Boudreau: Semin’s ‘an enigma, wrapped in something’


Much was made of the complex relationship between Bruce Boudreau and Alex Semin during their time together in Washington.

Now, with the two set to meet tonight — Boudreau’s Ducks take on Semin’s Canes in Carolina — the veteran bench boss tried to explain Semin in classic Boudreauian terms.

“There’s a saying about Alex,” Boudreau said, as per the Raleigh News & Observer. “He’s an enigma wrapped in something, wrapped in something else.”

Boudreau, as straight a shooter as there is, has always been blunt when  in describing Semin, the guy that was both a 40-goal scorer and healthy scratch in Washington. Semin’s play can be erratic and Boudreau has no problem saying it, which led to acrimony and perception the two never got along.

Not exactly accurate, according to Boudreau. (Boudreau actually sold the ‘Canes on signing Semin.)

“[Semin] can show flashes of absolute brilliance one minute,” he explained. “Then you’re going, ‘What are you doing?’ the next.

“But a tremendously skilled player. He can beat you on his own when he’s on.”

Unfortunately for Carolina, Semin hasn’t been on much this season. He has just three goals through 18 games and is on pace for 14, which would be his lowest full-season total since his rookie campaign (Semin scored 13 in last year’s lockout-shortened campaign).

What’s more, his playmaking ability seems to have fallen off as well. He has just five assists this season, a far cry from the 31 he had a year ago. That total placed him second on the team, trailing only captain Eric Staal (who had 35).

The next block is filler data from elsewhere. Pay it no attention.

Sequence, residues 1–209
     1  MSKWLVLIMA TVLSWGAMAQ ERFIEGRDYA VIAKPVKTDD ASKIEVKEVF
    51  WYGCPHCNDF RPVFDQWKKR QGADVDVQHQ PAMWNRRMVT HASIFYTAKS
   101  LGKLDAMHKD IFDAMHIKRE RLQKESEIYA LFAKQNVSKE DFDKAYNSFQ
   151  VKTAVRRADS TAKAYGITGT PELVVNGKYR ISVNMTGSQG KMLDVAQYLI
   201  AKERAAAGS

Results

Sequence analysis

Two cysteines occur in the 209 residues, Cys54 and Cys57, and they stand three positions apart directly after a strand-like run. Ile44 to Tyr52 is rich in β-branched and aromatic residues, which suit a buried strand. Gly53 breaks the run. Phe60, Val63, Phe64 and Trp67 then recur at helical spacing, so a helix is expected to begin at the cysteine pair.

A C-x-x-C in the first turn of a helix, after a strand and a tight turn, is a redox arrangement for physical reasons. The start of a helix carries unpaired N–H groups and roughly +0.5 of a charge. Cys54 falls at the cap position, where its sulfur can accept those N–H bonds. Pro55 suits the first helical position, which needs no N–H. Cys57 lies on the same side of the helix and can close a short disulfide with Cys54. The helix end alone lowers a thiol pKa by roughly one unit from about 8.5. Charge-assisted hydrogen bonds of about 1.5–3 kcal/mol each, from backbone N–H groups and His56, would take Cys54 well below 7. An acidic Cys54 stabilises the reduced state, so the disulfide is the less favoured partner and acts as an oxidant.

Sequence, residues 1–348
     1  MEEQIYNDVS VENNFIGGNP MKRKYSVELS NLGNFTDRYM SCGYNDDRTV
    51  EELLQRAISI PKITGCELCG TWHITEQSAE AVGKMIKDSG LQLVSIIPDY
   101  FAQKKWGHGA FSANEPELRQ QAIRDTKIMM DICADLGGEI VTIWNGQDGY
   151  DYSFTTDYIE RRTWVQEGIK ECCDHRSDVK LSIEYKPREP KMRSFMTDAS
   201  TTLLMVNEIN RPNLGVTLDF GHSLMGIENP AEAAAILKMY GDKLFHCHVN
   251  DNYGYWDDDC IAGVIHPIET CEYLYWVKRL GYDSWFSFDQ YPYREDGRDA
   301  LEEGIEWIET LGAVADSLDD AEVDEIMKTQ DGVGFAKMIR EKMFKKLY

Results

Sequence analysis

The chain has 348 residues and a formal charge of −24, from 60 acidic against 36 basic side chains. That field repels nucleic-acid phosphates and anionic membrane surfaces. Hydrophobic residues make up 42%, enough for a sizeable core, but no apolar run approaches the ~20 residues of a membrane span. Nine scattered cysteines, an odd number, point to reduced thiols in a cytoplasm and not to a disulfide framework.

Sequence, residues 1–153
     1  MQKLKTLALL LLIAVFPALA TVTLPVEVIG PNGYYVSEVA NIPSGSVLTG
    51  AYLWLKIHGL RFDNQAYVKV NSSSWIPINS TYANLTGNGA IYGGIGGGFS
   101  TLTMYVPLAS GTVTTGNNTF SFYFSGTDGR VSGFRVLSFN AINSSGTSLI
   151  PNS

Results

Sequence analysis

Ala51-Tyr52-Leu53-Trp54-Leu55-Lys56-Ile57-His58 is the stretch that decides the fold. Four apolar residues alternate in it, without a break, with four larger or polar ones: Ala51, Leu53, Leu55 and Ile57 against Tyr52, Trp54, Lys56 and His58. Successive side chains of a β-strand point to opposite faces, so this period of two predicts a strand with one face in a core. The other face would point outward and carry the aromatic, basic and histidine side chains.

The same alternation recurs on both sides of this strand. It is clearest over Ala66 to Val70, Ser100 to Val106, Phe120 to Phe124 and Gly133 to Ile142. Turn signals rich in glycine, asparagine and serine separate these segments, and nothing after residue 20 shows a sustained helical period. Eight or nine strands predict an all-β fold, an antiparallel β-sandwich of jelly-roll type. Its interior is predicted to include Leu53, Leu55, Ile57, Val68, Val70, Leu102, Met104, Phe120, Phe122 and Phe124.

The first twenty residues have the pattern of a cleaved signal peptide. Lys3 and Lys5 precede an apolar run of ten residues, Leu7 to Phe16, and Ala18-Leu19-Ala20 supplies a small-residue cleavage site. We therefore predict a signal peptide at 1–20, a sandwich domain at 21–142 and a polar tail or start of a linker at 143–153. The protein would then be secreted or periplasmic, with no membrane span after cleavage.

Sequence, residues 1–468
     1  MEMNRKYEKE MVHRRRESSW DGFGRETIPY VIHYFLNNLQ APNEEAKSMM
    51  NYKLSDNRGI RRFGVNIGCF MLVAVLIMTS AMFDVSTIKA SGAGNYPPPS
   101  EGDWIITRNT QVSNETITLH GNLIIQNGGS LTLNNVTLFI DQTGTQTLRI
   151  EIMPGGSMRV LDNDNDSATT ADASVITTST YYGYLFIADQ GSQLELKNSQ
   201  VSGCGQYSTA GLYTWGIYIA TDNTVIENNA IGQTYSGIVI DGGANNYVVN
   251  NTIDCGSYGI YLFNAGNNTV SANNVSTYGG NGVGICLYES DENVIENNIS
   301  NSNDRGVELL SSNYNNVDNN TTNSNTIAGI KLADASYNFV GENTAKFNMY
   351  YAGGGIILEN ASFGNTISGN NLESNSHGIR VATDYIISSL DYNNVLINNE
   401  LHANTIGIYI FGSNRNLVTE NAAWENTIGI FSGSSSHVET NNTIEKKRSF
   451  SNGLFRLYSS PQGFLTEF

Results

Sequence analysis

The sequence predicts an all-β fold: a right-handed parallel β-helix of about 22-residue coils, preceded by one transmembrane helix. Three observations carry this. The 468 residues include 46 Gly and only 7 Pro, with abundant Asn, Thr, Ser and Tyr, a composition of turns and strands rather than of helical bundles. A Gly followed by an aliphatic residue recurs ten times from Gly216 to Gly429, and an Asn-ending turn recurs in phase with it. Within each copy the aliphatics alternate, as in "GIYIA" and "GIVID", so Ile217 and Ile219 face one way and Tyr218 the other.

Lucic: If I wanted to hurt Couture, ‘I would have hurt him’


Last night in Los Angeles, Kings forward Milan Lucic received a match penalty after skating the entire width of the ice to give San Jose’s Logan Couture a two-hand shove to the face.

Lucic didn’t hurt Couture, who had caught Lucic with an open-ice hit that Lucic didn’t like. Couture’s smiling, mocking face was good evidence that the Sharks’ forward was going to be OK.

This morning, Lucic was still in disbelief that he was penalized so harshly.

“I didn’t cross any line,” Lucic said, per Rich Hammond of the O.C. Register. “Believe me, if my intentions were to hurt him, I would have hurt him.”

While Lucic knew he deserved a penalty, he said after the game that he didn’t “know why it was called a match penalty.” His coach, Darryl Sutter, agreed, calling it “a borderline even roughing penalty.”

And though former NHL referee Kerry Fraser believes a match penalty was indeed warranted, Lucic said this morning that he hasn’t heard from the NHL about any possible supplemental discipline.

Nor for that matter has Dustin Brown, after his high hit on Couture in the first period.

In conclusion, it’s good to have hockey back.

Related: Sutter says Kings weren’t ‘interested’ in checking the Sharks

Torres apologizes to Silfverberg and Sharks


A statement from Raffi Torres:

“I accept the 41-game suspension handed down to me by the NHL’s Department of Player Safety. I worked extremely hard over the last two years following reconstructive knee surgery to resume my NHL career, and this is the last thing I wanted to happen. I am disappointed I have put myself in a position to be suspended again. I sincerely apologize to Jakob for the hit that led to this suspension, and I’m extremely thankful that he wasn’t seriously injured as a result of the play. I also want to apologize to my Sharks teammates and the organization.”

A statement from San Jose GM Doug Wilson:

“The Sharks organization fully supports the NHL’s supplementary discipline decision regarding Raffi. While we do not believe there was any malicious intent, this type of hit is unacceptable and has no place in our game. There is a difference between playing hard and crossing the line and there is no doubt, in this instance, Raffi crossed that line. We’re very thankful that Jakob was not seriously injured as a result of this play.”

Silfverberg says he expects to play Saturday when the Ducks open their regular season Saturday in San Jose.